South Africa’s Plan to Move Rhinos May Not Stop Poaching

Experts say international coordination needed to follow the money trail and bring down rhino horn kingpins More

This forum has been closed.
Comment Sorting
Comments
     
by: Shane Bird from: Temecula CA
July 18, 2013 1:16 PM
I was interested in the claim made about DA2T but I found that the claim reported here is somewhat misleading, it is actually the second best organic semiconductor.

In Response

by: boyce from: solarpanelcellonline.com/
July 31, 2013 11:40 PM
The Clean Energy Project already has discovered a powerful organic semiconductor named DA2T. It's the second best semiconductor reported in scientific literature.


by: Yoshi from: Sapporo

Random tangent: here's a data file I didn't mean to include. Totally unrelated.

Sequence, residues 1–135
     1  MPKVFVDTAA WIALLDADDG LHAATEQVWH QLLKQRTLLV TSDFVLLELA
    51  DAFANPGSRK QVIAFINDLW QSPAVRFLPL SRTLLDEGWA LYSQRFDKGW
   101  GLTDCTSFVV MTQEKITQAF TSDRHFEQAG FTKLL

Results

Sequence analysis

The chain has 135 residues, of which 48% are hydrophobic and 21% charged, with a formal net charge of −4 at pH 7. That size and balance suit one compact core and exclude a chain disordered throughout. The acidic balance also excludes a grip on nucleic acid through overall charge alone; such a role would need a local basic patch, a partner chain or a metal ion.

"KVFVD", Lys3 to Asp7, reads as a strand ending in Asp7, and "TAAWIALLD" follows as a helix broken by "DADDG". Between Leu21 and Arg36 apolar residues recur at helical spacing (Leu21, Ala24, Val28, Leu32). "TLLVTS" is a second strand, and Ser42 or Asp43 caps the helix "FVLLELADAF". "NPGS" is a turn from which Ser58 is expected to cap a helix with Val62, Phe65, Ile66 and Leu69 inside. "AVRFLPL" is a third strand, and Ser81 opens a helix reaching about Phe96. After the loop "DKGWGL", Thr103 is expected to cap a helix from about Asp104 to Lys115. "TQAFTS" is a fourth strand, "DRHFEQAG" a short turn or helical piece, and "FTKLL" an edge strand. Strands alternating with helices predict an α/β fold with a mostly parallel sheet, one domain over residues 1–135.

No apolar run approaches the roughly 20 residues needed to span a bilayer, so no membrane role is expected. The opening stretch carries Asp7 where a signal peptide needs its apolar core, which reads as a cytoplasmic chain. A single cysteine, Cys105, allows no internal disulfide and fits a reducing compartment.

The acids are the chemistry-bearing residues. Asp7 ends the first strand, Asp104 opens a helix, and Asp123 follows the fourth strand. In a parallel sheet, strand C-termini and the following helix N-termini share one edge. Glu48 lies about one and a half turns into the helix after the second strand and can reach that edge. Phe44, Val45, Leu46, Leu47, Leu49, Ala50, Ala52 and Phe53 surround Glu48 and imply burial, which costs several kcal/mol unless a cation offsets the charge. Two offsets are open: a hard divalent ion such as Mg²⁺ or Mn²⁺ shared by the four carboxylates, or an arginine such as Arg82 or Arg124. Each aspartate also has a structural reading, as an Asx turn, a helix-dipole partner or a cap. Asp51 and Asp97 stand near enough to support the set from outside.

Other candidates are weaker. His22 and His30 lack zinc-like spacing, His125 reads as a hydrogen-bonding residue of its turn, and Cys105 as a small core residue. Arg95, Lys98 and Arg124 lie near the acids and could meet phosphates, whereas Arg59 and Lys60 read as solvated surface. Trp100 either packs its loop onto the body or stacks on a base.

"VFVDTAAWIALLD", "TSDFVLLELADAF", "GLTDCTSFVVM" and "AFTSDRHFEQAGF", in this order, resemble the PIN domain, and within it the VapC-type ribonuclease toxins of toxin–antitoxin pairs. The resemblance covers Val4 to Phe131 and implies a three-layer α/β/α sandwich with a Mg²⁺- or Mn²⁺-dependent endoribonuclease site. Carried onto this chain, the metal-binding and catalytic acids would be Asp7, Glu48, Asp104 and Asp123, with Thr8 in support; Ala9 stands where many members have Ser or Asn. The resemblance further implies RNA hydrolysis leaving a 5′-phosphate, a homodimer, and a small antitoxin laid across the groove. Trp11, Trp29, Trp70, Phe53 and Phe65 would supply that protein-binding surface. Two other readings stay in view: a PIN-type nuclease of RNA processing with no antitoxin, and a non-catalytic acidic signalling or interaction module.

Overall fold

July 17, 2013 3:26 AM
Yes, I agree solar panel is too expensive to apply the roof of my house at present. Its life expectancy is about ten to twenty years so that we have to replace it with new one before installing cost is payed.

New solar cells using carbon or bio-based compounds sound promising for popular use. It makes sense that selecting some compounds efficient above 10 percent from 35,000 candidates needs so many calculations. I hope crowd computers offered by numerous volunteers world wide would work well.

Featured Videos

Your JavaScript is turned off or you have an old version of Adobe's Flash Player. Get the latest Flash player.
Ebola Vaccine Trials To Begin Next Weeki
X
August 29, 2014 2:18 AM
The National Institutes of Health says it is launching early stage trials of a vaccine to prevent the Ebola virus, which has infected or killed thousands of people across West Africa. The World Health Organization says Ebola could infect more than 20,000 people across the region by the time the outbreak is over. The epidemic has health experts and governments scrambling to prevent more people from becoming infected. Zlatica Hoke has more.